Amphioxus has long been of considerable interest to zoologists and there has been a great deal of investigation into its structure and development. While there is no basic chordate type, Amphioxus, the lancelet is closet to our idea of the primitive ancestors of the craniates. In addition to its chordate characters it has many primitive and many specialized features. It is perhaps best regarded as a modern chordate which has diverged relatively little from a more generalized common chordate ancestor.
The lancelet is found in shallow coastal waters around the Mediterranean, the North sea and the English Channel. It is also extremely common on the Chinese coast near Amoy; at certain seasons of the year, it is so plentiful that it becomes a favored article of food and is sold in the markets. The related genus Asymmetron has a tropical and southern distribution, while Amphioxides is a pelagic form. The species described here is Amphioxus lanceolatus (Branchiostoma lanceolata). It inhabits localities where the sea-floor is sandy and spends most of its time almost buried, in a vertical position, with the head end protruding. Being a ciliary feeder, it subsists on microscopic creatures in the plankton; the method entails almost ceaseless feeding. Occasionally, it swims, especially at night, by rapid and sinous lateral movements of the whole body. Sometimes it lies passively on its side on the sand. It is able to burrow with great rapidity, proceeding with the pointed end foremost and the expose part of the body vibrating rapidly from side to side. The sexes are separate and fertilization is external. There is a free- swimming larval stage which shows pronounced asymmetry; this feature persists in the adult, but is not so easily recognized.
A.lanceolatus has a whitish translucent body, compressed laterally and about 40 to 50 mm in length. It is pointed at both ends. There is a shallow mediam dorsal fin along the whole length; at the posterior end it passes into a slightly deeper triangular caudal fin around the tail. Ventrally, the caudal fin is continuously with a shallow ventral fin which proceeds forward for about a third of the body length to end at a prominent ventral opening, the atripore, the ventral surface is somewhat flattered and at its sides are the two metapleura folds. These pass forward to the anterior end where they merge into the borders of the oral hood. This lies dorsally and laterally over the anterior end its large aperture may be considered to the moth. From its edge, about twenty stiff cirri radiate outwards. The anus lies on the left side near the end of the body just above the ventral fin.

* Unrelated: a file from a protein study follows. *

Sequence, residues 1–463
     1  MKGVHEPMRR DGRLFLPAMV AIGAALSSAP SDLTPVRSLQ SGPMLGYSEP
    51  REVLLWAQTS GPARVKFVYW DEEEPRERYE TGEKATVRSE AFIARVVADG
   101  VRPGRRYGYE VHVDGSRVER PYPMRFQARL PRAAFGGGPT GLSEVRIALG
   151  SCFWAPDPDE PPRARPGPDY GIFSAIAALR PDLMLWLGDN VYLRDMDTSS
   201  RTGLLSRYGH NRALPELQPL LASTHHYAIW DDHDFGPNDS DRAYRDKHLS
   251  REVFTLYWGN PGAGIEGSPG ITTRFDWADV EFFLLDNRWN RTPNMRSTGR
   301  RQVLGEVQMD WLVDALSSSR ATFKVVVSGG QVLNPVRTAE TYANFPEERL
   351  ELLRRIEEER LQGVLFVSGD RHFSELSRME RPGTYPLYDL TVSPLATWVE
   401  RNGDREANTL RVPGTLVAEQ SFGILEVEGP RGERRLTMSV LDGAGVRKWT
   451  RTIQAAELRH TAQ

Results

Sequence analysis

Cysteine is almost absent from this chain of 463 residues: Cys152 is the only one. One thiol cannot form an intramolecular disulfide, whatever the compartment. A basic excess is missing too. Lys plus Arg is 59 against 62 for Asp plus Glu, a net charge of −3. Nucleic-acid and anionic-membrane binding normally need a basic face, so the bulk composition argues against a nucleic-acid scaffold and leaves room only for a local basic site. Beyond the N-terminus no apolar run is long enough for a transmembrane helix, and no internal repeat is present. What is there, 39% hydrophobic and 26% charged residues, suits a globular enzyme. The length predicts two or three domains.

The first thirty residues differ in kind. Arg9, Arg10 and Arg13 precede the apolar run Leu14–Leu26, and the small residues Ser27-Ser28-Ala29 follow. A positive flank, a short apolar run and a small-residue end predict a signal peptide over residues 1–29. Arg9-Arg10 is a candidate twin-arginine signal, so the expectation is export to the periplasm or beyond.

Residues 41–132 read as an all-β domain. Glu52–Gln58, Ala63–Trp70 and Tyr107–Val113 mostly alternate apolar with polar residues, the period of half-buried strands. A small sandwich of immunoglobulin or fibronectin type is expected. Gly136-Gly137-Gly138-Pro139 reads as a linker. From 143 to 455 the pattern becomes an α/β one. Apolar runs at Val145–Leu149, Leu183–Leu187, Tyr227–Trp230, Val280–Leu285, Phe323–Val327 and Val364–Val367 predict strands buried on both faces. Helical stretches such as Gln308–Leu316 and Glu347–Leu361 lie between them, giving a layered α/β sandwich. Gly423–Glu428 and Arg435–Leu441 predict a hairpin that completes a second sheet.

Because of the semi-transparent nature, the major internal structures can be seen. The V-shaped myotomes, with the apex of the V pointing forward, are prominent; there are about sixty. Small fin-ray boxes supporting the dorsal and ventral fins can be seen with a lens. Below these lies the nerve cord, easily discernible by reason of black pigment spots along it. Beneath the nerve cord is the notochord, characterized by its extreme anterior and posterior extension. In immature specimens, the narrow parallel gill bars show that the pharynx extends from a position immediately behind the oral hood almost half-way down the body. But in mature animals, most of the pharynx is obscured by the row of twenty-six gonads on each side. The whole pharynx is covered laterally and ventrally by downgrowths of the body wall enclosing a cavity called the anrium.
The lower surface of the oral hood of amphioxus is wrinkled by a number of finger-like depression with ridges between them. They constitute the ciliated wheel-organ. A deeper pit in the roof of the hood, to the left of the mid-line is called Hatschek’s pit its function is to secrete mucus. At the back of the oral hood is a vertical partition, the velum. This is pierced by a small aperture sometimes known as the mouth. Since, however, it leads directly into the pharynx it is perhaps preferable to refer to it as the enterostome.